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By Mike Stevens
USGTF Level IV Member - Tampa, Florida

I refer to him by the above title. His manuscript was the first real effort to put on paper instructions on how to play the game. Hints on Golf by Horace Hutchinson was published in 1886. In spite of the myriad of golf teaching literature over the years, it is one book I refer to regularly. His simple basics and anecdotes have helped me establish that crucial teacher-student bond essential to the golf teaching process. You can get a copy through Classic golf Books of Connecticut or through an antique golf book dealer. It would be worth your while to track one down.

Horace G. Hutchinson began his golfing career at an early age playing on Royal North Devon, a course founded in 1864. By the age of sixteen, he won the club medal championship and, by club rules, became its Captain. That was fine with horace because he was completing his preparatory education and heading to Oxford University. At the school he made his mark immediately playing number one on the golf team and leading them to victory over arch rival, Cambridge. Always during his years at Oxford, he would spend vacations at home playing the Royal Devon course accompanied by a young caddie who was employed by the Hutchinson family as a houseboy. His name was John Henry Taylor, better known to golfdom as J.H.. He would go on to win five British Open Championships.

Hutchinson’s finest golf efforts occurred in the British Amateur, which he won in 1886 and 1887. He became the first player to successfully defend the championship when he beat the great John Ball on Ball’s home course. An ardent student of the golf swing, he decided to put forth in writing his suggestions on how to play because, in his words, he often, “saw men ‘playing golf’ as they are pleased to call it, in a style which is physically, anatomically, mathematically, from every conceivable point of view, impossible for a human being, made on any known plan, to strike the ball correctly.” So what has changed?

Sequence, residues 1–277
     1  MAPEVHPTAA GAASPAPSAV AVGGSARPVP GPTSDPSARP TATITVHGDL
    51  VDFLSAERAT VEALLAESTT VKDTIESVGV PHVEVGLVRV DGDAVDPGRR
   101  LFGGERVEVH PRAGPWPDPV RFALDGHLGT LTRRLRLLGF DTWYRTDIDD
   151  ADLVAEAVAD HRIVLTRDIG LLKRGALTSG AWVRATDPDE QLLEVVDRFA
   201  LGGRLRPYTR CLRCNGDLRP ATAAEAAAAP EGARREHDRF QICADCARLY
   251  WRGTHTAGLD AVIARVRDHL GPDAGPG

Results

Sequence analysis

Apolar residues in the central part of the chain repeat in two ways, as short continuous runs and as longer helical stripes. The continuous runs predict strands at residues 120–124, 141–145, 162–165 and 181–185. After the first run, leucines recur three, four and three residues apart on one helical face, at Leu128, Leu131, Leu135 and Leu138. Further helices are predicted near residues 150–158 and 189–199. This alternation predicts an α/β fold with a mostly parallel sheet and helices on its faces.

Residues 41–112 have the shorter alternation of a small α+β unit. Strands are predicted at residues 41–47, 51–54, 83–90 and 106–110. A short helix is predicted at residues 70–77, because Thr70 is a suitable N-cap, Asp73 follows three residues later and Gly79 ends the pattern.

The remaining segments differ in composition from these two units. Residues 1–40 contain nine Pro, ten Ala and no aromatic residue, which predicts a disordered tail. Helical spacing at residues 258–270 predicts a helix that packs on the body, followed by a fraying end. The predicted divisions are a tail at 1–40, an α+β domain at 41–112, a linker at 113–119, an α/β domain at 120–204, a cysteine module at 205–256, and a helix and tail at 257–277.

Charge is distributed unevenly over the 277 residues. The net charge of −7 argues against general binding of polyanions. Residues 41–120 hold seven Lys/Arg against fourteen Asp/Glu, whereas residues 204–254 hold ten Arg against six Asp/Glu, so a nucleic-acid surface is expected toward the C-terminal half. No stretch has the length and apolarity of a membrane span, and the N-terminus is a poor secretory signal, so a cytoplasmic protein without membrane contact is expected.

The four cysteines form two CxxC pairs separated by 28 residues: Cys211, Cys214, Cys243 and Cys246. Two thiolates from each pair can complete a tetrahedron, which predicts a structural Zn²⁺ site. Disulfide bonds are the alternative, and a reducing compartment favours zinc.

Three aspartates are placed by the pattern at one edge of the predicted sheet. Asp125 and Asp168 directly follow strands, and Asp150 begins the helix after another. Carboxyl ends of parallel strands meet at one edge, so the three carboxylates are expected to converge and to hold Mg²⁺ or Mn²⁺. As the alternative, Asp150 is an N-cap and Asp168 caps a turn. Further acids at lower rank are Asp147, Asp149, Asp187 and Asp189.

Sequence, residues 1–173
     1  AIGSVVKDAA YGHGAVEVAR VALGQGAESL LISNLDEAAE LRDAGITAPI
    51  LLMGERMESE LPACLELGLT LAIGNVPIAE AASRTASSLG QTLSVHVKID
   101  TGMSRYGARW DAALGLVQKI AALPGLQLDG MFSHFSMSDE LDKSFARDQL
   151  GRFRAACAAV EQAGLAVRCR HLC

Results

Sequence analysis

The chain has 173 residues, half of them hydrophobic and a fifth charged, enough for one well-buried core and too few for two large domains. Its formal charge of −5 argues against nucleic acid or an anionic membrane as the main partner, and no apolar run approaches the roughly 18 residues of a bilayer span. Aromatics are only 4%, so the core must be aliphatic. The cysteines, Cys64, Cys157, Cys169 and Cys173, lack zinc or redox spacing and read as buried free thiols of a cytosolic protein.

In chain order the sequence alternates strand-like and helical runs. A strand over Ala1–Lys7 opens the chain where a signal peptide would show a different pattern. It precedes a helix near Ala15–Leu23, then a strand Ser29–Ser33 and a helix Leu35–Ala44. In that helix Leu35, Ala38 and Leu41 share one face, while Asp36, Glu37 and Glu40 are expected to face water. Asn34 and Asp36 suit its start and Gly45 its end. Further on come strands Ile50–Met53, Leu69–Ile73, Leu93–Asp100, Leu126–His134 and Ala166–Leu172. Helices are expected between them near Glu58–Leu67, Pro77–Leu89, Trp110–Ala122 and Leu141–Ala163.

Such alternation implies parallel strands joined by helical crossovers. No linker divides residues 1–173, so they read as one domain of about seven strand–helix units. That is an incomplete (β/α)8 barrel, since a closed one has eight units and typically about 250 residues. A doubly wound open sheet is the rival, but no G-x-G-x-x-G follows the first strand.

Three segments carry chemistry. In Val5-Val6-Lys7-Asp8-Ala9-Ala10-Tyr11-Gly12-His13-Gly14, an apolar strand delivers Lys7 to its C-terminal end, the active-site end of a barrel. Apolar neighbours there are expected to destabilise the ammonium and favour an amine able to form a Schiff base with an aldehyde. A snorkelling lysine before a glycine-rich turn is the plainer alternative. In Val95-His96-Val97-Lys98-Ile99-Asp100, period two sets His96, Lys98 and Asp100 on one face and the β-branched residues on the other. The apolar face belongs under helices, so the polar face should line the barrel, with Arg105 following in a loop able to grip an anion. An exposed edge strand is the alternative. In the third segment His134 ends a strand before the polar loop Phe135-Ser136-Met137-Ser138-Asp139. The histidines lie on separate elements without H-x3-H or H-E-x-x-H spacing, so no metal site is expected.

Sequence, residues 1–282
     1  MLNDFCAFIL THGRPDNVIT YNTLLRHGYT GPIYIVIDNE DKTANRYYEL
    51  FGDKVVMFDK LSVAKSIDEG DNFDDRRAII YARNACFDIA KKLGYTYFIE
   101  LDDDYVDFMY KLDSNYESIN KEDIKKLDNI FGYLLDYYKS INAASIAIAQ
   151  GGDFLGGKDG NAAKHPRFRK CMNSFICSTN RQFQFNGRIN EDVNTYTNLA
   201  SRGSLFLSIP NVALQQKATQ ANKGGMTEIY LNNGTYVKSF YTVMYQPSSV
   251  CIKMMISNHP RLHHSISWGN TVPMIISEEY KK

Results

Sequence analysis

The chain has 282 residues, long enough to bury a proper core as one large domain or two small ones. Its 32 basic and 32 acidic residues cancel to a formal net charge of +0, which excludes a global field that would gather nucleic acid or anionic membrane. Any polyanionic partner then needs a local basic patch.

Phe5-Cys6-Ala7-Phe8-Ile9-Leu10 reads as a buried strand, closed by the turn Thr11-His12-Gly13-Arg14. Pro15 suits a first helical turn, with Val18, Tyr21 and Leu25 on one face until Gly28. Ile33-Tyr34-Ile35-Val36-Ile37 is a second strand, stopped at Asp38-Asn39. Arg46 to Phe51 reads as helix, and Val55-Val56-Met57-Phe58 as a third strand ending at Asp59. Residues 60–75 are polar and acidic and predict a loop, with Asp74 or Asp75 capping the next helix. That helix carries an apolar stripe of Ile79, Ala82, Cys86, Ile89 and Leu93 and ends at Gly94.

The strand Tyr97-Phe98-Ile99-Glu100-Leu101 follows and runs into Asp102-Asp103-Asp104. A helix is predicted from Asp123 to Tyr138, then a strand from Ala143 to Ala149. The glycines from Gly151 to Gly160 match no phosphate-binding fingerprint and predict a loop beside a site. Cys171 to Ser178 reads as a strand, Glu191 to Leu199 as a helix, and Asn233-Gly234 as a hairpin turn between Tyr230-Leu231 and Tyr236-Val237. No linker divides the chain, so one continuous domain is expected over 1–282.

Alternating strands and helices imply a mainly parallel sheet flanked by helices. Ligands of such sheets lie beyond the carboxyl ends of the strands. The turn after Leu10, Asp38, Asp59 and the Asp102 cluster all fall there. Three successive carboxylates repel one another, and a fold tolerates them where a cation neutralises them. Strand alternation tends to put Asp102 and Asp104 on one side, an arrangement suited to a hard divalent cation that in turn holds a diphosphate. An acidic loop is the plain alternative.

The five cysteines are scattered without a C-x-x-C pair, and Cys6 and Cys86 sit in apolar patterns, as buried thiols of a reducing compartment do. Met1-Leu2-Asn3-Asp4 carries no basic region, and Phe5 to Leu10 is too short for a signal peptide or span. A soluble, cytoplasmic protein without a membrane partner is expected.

On reading Horace Hutchinson’s advice to golfers, one is struck by the fact that his understanding of the golf swing and the golfers psyche is years ahead of his time. Consider this bit of wisdom – “that the great secret of all strokes played for the most part is to make the club travel as long as possible in the direction in which you want the ball to go.” Not only are his instructions sound, such as not holding the club too tight and keeping the muscles loose to get sufficient impact speed, but also they are filled with humorous anecdotes. For example, “Should you cut up turf, be careful to replace it, golf is not agriculture.” A personal favorite of mine is, “Do not be so scientific as to lose all dash.”

Mr. Hutchinson continued to write about golf as his playing career wound down. He authored two more books on golf and several articles for the Badminton Library of Sports. One other interesting footnote on his career that has been long forgotten regards the Old Course at St. Andrews. For a number of years the course could be played in reverse, playing to the seventeenth green starting out. Hutchinson’s win in the Amateur there is the only time the reverse course was used in championship play. In my mind, there is no question that Horace Hutchinson was a teacher extraordinaire and is clearly the father of golf instruction.

Mike Stevens is the Director of Guaranteed Golf Schools in Tampa and Sarasota. In November 2002 he was listed as one of Florida’s top ten instructors by Florida Golf News for the fourth consecutive year. Mike is the junior golf instructor at Macdill Air Force Base, a Level IV member of the U.S. Golf Teachers Federation, the Golf Collectors Society and the Donald Ross Society. Mike was also a member of Team USA at the World Golf Teachers Cup in Sao Paulo, Brazil.


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